MY AMERICAN SCIENTIST
LOG IN! REGISTER!
SEARCH
 
RSS
Logo IMG
HOME > PAST ISSUE > COMMENTS

Abstract Science?


Comments


It is easily argued that all evolutionary process develops out of 'the _relational_ properties of matter' -uniquely human 'deliberative capability', the most 'sophisticated' of such evolution.

I suggest further that art and mathematics are intimately related and _intrinsic_ of deliberative capability by fact of its _open-ended-ness_ in assimilation of successively higher-order relationals.
As elements in such argument, I call your attention to website Godel's Proof and The Human Condition (thread below), to the music of Kristoff Penderecki (De Natura Sonoris), and to the poem-

Sunflower

Sunflower runs clockwise
-and counter-clockwise -
'Fibonacci n' one direction
'n+1' the other -.
-Stands tall and
gold-smiling too!

The ways of God are
many -and beautiful, but
Sunflowers will undo him.

Links to all of the above and more are more or less directly accessible thru the essay-

Human Nature and Continuing Human Existence
http://www.condition.org/humexis.htm
posted by Perry Bezanis
November 13, 2009 @ 12:06 PM

 

Read Us on JSTOR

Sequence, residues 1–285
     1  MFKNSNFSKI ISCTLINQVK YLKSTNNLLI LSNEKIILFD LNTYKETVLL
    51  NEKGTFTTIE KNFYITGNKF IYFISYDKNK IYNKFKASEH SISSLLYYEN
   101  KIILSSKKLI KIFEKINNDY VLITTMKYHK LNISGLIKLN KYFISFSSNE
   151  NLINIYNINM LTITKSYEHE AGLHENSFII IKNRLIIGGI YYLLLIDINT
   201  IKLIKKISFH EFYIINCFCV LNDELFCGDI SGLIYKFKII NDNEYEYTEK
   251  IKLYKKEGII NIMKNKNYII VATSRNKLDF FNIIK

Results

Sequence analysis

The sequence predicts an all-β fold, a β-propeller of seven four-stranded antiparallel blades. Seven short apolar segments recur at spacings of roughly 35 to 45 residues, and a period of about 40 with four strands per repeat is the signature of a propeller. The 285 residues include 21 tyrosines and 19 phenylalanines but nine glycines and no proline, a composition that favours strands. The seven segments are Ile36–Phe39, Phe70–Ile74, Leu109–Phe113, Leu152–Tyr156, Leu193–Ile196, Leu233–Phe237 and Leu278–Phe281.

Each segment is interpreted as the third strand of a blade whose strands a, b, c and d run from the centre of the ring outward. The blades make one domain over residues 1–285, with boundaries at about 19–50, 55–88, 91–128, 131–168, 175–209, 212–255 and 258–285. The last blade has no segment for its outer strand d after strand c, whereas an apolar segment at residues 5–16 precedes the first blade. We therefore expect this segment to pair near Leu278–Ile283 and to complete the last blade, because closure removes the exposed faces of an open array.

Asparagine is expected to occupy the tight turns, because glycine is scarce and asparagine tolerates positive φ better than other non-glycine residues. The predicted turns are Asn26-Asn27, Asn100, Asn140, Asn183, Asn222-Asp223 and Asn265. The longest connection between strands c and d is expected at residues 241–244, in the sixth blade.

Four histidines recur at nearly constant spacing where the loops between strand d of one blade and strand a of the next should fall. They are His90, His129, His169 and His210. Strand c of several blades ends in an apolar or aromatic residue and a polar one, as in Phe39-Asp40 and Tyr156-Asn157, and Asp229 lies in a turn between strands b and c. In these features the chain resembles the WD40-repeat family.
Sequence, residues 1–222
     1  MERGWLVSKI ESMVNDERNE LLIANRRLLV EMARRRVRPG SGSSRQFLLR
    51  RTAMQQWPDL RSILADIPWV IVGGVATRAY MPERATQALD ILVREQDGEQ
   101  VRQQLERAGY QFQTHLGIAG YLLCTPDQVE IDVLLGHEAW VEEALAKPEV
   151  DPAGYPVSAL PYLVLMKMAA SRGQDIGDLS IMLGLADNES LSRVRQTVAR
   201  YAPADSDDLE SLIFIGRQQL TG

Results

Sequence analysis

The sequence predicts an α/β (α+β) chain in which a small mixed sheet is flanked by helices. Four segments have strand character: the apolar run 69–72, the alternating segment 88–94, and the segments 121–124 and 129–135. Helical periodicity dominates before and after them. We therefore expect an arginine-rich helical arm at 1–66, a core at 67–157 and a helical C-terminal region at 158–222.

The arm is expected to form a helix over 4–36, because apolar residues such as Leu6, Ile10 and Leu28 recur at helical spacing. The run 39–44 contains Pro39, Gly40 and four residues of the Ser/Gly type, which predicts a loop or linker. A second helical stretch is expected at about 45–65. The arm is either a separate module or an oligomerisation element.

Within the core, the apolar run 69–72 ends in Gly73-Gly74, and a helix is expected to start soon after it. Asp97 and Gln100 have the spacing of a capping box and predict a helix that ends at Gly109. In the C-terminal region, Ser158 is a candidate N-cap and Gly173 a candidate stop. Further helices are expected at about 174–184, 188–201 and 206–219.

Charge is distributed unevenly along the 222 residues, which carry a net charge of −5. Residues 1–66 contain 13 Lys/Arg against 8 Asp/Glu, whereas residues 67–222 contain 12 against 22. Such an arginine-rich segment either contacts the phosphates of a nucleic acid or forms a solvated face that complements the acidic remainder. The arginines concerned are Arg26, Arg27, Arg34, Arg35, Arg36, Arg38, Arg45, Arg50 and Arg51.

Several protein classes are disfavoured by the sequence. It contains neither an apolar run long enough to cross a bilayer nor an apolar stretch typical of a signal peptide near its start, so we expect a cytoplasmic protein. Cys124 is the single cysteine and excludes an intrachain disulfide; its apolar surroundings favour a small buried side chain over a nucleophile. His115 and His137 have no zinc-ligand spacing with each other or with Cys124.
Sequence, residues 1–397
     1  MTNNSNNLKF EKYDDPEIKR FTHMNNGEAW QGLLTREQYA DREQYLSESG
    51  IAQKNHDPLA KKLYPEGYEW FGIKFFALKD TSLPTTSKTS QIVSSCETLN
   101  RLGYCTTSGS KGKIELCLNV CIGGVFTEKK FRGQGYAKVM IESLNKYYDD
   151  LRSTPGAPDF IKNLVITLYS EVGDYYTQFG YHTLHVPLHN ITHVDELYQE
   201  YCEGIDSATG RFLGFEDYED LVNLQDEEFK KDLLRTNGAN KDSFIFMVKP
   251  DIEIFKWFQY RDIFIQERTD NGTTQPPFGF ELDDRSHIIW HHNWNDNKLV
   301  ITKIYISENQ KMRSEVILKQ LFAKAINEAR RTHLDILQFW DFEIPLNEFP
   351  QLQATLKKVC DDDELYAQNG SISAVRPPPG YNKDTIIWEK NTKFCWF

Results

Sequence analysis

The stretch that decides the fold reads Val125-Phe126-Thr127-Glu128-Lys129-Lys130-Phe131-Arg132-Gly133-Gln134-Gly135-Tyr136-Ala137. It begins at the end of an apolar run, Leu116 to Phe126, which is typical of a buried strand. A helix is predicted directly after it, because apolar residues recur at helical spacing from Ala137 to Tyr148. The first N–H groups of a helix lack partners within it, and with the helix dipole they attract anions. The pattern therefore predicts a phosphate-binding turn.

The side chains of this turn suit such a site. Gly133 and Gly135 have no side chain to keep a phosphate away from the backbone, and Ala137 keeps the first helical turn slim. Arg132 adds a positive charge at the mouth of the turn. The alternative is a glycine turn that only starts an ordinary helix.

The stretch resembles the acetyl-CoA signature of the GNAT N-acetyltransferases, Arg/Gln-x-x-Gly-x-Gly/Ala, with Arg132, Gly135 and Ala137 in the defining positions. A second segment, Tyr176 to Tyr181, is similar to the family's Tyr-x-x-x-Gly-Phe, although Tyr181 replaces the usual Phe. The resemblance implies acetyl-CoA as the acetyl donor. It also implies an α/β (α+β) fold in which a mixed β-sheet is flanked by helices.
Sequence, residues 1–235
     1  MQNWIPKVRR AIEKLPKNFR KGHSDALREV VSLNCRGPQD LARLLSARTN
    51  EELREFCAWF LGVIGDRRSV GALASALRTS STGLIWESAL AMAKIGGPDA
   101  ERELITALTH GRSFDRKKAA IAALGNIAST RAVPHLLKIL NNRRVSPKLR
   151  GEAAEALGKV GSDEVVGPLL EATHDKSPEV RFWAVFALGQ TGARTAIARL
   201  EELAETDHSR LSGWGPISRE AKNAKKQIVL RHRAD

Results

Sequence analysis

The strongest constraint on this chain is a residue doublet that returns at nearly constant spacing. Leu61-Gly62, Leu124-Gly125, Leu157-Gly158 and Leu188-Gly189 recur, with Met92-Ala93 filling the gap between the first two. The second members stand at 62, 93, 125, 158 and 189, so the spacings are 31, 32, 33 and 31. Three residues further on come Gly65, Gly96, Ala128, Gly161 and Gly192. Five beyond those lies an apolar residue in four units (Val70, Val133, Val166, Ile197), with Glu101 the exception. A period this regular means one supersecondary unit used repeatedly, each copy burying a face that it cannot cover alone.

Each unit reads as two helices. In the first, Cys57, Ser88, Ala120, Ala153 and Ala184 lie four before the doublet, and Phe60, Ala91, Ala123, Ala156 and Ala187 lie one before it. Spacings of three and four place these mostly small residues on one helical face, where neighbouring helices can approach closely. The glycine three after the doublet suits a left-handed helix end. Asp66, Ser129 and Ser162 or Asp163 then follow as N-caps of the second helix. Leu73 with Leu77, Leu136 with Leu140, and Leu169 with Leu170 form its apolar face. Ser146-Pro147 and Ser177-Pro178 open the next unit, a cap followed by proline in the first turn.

JSTOR, the online academic archive, now contains complete back issues of American Scientist from its inception in 1913 (as Sigma Xi Quarterly) through 2005.

The table of contents for each issue is freely available to all users; those with institutional access can read each complete issue.

View the full collection here.


Indexes

Year-end indexes in PDF format:

2006

2007

2008

2009

2010


Subscribe to Free eNewsletters!

  • Sigma Xi SmartBrief:

    A free daily summary of the latest news in scientific research. Each story is summarized concisely and linked directly to the original source for further reading.

  • American Scientist Update

  • An early peek at each new issue, with descriptions of feature articles, columns, Science Observers and more. Every other issue contains links to everything in the latest issue's table of contents.

  • Scientists' Nightstand

  • News of book reviews published in American Scientist and around the web, as well as other noteworthy happenings in the world of science books.

    To sign up for automatic emails of the American Scientist Update and Scientists' Nightstand issues, create an online profile, then sign up in the My AmSci area.


Write for American Scientist

Review our submission guidelines.


Subscribe to American Scientist